Four o'clock blues, ca. 1902

Goods checker J. Peerybingle was tired. It had been a long day in the goods depot, and his feet hurt.

Life is so dull, he thought. I should have gone to sea. I should have married Emily.

He looked up at the skylights. There was a bird up there. Was it a crow?

He thought: How lucky birds are, how free.

Up on the roof, the crow looked down at Peerybingle.

It thought: How fortunate that man is, working with the trains. He must be very happy.

I wish it was me, thought the crow. How lucky humans are, how free.


  1. A lovely little photo-essay, with such gentle humour. The photography is fascinating, the way it draws the eye in...the lighting and warm tones really give a period feel to the model. I was so taken with the story, immersed in some Edwardian dream, that I almost didn't notice the amazing standard of the model making...which shows just how good it really is!

  2. Thank you Ian, that's very kind of you! I finally managed to get the images working here on blogger as well, although I think it's time I increased the width of the blog to allow for bigger photos!

    Among various things highlighted by these photos is the rather clean roof! I'm not sure whether to give it a thorough weathering or not. I suppose the glazing ought to be fairly dirty but I'm worried what it would do to the views and lighting through the skylights.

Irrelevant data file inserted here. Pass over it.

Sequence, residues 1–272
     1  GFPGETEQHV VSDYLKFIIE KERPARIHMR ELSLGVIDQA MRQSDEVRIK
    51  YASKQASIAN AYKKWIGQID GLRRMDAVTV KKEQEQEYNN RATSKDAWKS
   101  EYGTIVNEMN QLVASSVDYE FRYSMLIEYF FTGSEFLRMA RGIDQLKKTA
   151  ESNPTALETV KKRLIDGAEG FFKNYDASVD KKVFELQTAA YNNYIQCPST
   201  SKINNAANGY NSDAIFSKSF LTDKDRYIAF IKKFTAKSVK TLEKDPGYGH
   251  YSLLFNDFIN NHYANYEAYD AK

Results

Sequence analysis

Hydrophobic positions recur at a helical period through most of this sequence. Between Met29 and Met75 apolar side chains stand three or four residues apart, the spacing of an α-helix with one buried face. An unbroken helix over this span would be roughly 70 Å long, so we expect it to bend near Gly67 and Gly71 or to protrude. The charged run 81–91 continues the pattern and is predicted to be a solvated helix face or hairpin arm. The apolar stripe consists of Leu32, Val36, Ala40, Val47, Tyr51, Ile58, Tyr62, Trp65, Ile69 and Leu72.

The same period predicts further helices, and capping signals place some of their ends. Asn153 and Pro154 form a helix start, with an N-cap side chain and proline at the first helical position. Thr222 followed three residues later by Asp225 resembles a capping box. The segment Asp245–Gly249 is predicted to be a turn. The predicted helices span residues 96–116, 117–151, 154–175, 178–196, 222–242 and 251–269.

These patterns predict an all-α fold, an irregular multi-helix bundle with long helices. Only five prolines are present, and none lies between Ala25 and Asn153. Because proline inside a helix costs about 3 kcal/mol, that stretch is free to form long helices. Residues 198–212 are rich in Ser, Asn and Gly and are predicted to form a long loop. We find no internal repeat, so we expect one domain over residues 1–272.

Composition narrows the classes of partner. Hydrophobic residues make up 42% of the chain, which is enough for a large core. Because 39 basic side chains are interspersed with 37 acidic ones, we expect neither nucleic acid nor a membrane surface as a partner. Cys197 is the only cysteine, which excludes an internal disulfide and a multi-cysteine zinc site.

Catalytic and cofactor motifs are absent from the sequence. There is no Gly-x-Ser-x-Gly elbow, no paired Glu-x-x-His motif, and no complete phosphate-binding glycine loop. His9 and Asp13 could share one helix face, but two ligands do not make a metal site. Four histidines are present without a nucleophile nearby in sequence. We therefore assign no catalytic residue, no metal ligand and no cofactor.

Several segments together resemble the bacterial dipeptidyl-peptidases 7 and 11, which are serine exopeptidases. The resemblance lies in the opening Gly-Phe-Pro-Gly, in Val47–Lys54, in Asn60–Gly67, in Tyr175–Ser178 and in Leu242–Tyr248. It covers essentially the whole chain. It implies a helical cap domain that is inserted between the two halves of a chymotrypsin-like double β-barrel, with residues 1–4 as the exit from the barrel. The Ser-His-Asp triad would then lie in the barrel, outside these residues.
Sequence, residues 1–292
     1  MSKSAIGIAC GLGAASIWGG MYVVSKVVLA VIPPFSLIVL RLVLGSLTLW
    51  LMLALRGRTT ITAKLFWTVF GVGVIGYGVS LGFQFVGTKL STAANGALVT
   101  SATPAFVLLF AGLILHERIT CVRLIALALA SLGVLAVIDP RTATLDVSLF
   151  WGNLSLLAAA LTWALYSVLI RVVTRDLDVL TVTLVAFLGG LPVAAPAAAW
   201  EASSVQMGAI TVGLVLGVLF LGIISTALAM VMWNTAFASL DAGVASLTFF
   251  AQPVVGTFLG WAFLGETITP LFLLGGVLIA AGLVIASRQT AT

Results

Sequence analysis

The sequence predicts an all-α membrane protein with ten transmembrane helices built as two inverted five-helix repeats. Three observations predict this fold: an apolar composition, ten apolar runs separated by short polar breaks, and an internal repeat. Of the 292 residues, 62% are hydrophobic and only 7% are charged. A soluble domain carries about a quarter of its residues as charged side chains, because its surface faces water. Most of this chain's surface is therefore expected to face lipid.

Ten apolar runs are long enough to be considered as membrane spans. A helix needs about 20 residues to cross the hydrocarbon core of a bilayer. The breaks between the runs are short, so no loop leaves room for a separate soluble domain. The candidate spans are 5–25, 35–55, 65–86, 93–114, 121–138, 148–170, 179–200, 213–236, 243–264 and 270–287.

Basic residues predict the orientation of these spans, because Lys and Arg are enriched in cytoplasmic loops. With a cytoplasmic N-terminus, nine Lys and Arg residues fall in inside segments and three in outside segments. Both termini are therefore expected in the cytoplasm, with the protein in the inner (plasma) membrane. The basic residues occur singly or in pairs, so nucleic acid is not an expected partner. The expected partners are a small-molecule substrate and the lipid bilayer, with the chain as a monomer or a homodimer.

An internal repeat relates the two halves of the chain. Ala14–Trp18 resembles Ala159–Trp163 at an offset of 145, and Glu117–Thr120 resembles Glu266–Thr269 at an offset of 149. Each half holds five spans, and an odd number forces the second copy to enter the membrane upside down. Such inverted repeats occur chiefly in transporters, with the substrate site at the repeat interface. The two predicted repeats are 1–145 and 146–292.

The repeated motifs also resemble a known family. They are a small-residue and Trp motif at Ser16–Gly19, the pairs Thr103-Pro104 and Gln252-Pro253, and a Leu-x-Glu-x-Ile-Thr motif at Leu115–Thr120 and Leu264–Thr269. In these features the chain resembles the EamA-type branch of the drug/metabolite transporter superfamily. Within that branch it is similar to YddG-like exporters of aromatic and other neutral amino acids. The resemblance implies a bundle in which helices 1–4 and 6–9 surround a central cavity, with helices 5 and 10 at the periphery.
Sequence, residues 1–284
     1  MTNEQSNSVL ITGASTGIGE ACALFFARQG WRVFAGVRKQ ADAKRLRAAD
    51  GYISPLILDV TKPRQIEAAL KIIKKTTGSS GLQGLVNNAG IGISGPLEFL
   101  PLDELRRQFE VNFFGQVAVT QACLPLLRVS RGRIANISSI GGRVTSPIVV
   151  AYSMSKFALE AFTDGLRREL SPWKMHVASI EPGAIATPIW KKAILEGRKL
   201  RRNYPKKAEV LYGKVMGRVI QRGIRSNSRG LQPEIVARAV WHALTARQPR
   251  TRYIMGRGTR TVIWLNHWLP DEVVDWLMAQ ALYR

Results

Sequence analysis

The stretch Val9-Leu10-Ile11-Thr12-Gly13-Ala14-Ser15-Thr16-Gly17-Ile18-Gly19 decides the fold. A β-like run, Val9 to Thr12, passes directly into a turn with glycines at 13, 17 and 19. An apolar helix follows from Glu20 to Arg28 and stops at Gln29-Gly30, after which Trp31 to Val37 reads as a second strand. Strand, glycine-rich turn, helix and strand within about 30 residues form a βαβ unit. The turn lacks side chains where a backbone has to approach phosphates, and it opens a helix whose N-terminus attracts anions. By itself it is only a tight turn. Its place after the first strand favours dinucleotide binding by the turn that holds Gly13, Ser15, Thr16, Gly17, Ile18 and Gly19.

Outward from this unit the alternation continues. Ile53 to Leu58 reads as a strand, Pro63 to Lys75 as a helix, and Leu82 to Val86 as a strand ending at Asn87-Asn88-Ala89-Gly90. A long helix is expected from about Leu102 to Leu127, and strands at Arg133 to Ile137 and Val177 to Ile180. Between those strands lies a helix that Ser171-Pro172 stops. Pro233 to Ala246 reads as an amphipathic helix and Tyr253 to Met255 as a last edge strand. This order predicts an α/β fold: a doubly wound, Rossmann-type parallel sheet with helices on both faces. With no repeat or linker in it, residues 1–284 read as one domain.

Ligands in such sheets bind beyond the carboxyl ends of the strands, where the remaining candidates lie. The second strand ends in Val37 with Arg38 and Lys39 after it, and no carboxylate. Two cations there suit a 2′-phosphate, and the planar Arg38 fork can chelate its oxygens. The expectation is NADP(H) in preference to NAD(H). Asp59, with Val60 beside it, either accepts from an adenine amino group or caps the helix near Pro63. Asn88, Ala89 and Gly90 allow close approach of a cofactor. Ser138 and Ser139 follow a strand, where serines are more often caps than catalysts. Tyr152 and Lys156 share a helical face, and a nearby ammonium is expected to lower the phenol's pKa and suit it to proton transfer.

3. I like your little stories Mikkel, a nice simple way of presenting your work. Those barrels are nicely finished, I wonder what they contain?

  4. Thanks Paul! The barrels are actually Hornby mouldings, to which I've added painted masking tape to accentuate the hoops. I'm not sure what they contain, I'm still learning the ropes when it comes to barrel types - a much more complex subject than I thought!

    I'm on a bit of a barrel binge at the moment, having found some nice ones with various small specialist traders - will put some photos up in due course.

  5. excellent stuff as always MIkkel

  6. Thanks Lee. I'm enjoying detailing my goods depot. Always tricky though, to find that balance between too much and too little. Less is more, as they say!


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